Once you find the trailhead (CR 2351), it will be an eight mile hike one way (round trip 16 miles).  For driving, you must have 4 wheel drive, high clearance, skid plate and independent suspension.  We only had the first three for our vehicle, so were able to drive the first four miles, and hiking was required for the next four.  Remember, I'm giving you our first hand experience with this, so take it or leave it.

Using Bluff Fort as the starting point, travel down Route 191 towards Monument Valley (SW); at the junction of Routes 191/163, continue straight (SW) on Route 163.  Once through the Comb Ridge pass, make the first left (about 1/4 mile from the pass); there will be a sign telling the story of the pioneers...this is CR 2351. All in all, it's about a 7 mile trip from Bluff Fort.




CR 2351 follows the pioneer trail as they had attempted to find a way over the Comb Ridge.  The entire trail is mostly sand, crossing into and out of several dry washes, and many a steep hill for almost four miles.  There are green wooden posts here and there to mark the trail, a covered wagon painted on to help notify travelers they're on the correct route.


Oh, did you remember to set your odometer to zero once you turned off of Route 163 onto CR 2351?  The first informational board is a short history of the pioneer trail in this area; the second will tell you which way to go when you encounter the first fork in the road.  Hint, go left and follow the curve around the bushes.  4/10ths of a mile down is Navajo Spring; the pioneers sent out scouts to see if this was a viable way up and over Comb Ridge.  As you can see from the photo, it's a long climb upwards; seeing it up close and personal will give you a much better view of the pioneers' "Oh Hell No!" moment.  Remember, they weren't looking at Route 163 and an opening in Comb Ridge; they were looking up, up, up to the top of Comb Ridge.


Lets take a look at the terrain you'll be traveling over and some scenic sites..










At 1.8, a trail to the right will take you to an abandoned ranch; no idea who had lived there, nor when.  Many items on the property indicate it was occupied during the latter part of the 20th century.







Now here comes the not so fun part; after about 4 miles we came to another divide in the trail; the one to the right leads down to the San Juan River and ends.  The trail to the left, well, it's not as simple as "it can be climbed, but be careful".  The sandy trail now turns into pure stone; a series of uneven "steps" going upward that could cause an unequipped vehicle to have only two wheels on the ground at some points...there is a potential for tipping over.  We parked off to the side, and began our hike upwards.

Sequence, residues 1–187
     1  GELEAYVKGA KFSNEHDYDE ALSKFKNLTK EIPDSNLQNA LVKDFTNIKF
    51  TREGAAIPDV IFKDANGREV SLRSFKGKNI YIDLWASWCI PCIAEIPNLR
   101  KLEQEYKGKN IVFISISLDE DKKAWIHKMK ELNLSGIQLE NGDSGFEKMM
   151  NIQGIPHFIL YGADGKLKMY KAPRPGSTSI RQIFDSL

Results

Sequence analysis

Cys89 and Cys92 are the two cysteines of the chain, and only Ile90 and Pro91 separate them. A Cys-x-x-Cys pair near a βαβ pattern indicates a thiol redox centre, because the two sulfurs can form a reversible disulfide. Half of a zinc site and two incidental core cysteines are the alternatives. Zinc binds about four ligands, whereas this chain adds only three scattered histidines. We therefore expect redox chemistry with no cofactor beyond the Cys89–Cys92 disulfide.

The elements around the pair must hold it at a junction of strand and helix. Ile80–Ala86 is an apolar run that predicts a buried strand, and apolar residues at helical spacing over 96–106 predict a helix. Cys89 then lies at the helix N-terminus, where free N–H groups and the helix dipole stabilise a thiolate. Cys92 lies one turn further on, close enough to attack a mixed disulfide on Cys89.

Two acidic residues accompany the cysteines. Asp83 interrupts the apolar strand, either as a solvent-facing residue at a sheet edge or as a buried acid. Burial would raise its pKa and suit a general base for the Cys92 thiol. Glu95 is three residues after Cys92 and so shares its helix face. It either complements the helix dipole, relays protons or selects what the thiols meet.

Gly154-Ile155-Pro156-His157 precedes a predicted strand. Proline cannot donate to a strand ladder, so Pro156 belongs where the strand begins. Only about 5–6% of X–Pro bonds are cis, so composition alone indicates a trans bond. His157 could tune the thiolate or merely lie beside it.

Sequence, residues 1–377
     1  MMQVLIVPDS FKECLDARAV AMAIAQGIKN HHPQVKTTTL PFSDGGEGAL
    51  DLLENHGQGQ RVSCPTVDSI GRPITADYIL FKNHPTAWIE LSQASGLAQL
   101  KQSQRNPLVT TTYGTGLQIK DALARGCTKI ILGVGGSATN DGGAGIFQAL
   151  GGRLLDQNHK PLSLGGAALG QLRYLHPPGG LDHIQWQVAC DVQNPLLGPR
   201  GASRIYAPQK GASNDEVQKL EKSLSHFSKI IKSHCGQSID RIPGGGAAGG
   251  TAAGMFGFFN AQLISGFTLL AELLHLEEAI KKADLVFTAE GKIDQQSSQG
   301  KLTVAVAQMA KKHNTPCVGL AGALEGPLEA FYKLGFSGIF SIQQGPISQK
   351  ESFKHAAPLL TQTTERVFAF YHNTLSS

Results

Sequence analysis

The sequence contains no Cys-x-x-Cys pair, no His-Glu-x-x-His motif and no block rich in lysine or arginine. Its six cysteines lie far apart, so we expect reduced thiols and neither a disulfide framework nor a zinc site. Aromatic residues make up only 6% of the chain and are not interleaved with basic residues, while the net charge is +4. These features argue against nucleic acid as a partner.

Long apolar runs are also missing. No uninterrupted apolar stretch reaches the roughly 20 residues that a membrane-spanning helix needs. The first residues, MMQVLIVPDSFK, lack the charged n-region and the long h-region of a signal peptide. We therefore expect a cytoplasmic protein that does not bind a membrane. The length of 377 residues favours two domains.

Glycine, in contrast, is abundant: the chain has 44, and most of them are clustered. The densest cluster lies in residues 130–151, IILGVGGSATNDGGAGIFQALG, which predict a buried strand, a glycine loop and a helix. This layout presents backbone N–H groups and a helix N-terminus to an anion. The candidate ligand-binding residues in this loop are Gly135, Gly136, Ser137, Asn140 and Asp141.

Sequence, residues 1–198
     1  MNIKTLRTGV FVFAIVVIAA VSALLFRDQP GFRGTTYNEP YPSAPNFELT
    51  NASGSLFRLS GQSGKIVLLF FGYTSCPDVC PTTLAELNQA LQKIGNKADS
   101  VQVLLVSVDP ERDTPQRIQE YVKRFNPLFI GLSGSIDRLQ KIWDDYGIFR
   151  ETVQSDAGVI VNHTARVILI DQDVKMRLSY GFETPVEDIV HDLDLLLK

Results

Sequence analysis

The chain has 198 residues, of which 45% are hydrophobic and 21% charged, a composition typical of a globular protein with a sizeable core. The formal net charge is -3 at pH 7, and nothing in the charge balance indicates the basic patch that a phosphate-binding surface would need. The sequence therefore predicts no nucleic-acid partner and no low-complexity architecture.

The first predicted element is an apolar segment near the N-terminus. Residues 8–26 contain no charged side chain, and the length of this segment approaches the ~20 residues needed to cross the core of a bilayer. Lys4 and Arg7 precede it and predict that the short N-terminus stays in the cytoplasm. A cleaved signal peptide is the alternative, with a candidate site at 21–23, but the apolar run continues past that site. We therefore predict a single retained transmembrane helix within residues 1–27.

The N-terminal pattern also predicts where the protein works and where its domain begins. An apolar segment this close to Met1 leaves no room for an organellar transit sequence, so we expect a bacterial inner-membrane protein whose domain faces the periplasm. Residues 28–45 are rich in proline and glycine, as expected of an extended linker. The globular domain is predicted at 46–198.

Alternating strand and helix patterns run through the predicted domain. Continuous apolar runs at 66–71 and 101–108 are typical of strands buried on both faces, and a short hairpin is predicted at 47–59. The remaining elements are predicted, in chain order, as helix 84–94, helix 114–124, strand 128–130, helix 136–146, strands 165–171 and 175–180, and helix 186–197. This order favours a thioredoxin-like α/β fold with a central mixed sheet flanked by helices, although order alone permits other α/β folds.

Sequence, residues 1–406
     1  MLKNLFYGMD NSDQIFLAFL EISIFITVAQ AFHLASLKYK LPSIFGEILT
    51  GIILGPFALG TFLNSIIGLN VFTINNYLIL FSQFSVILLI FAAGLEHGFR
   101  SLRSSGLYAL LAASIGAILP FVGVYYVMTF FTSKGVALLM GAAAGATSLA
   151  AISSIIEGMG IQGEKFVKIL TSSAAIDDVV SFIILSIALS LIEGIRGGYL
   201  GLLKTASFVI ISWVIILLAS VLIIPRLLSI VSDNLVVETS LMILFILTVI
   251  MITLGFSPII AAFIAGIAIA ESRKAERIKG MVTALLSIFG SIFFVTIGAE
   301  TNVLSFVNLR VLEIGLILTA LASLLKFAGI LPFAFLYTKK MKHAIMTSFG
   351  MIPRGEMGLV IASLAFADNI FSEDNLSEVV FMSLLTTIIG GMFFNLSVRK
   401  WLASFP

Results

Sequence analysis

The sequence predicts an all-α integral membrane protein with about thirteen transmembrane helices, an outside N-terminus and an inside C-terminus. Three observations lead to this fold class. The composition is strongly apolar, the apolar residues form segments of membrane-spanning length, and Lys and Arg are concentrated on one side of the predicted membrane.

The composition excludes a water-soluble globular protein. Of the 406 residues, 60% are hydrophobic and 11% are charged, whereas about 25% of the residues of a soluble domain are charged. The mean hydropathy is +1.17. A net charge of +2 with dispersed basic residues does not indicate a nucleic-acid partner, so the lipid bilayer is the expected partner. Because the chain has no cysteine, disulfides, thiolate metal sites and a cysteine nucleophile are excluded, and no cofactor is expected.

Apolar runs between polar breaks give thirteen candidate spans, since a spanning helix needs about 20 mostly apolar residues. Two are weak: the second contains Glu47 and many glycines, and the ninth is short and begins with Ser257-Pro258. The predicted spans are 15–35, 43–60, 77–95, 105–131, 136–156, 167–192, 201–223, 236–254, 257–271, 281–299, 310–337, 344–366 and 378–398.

Landscape once the hill is crested.
Walking down the path, we came to one of the pioneer posts; this one was at the trailhead that led to San Juan Hill.  Remember when the pioneers decided Navajo Spring was not an option for going over Comb Ridge?  Well San Juan Hill is where it finally happened; you can hike to it and see the trail the pioneers actually traveled.  We, however, decided to take the path that led right and down to the San Juan River.





Down by the river are the remains of the Rincon (e) Trading Post; depending on which publication or website you look through, sometimes it has the "e", sometimes not.  Established in 1880 by William Hyde, he later on partnered up with the Bartons.  If you want to read the interesting history pertaining to the Rincon, I highly recommend the book, "Comb Ridge and its People" by Robert S. McPherson.






 
Following the trail along the river, we came upon a cottonwood log and rock cribbing which served as an anchor for a water wheel, and ferry.  In the distance we spied the River House Ruins; just then we came upon a pair of hikers who were camping at the ruins, and told us that we had another two miles to go.


By this time, we'd already walked two miles and found ourselves unprepared for another two miles...four miles one way, eight miles round trip.  So much for following the information we had from the BLM and Bluff brochures; disappointed, yes; determined to come back and try again...definitely!!!  Back to the vehicle we hiked, just enjoying the soft breeze and the scenery around us.  As a farewell, a lone raven flew along the sandstone walls.


 
There is a point of interest that you will see, in the distance, as you make your way to this area...Mule Ear.  The Navajo have a legend concerning this pointed outcropping of Comb Ridge, and it is referred to as "Designs on the Rock", "Decorated Rock" or the lesser known, "Decorative Metal Arrowhead".  First Boy, one of the "Twelve Holy Beings" used an arrowhead to tear this piece of rock (Mule Ear) from the earth.



 
...and that concludes this adventure along part of the pioneer trail.  We had a great time, (yep, we remembered to bring a picnic), saw some incredible sites, and have a plan to come back again.  If a group of folks can do this trail with simple covered wagons and horses, then why can't we?
 
Mary Cokenour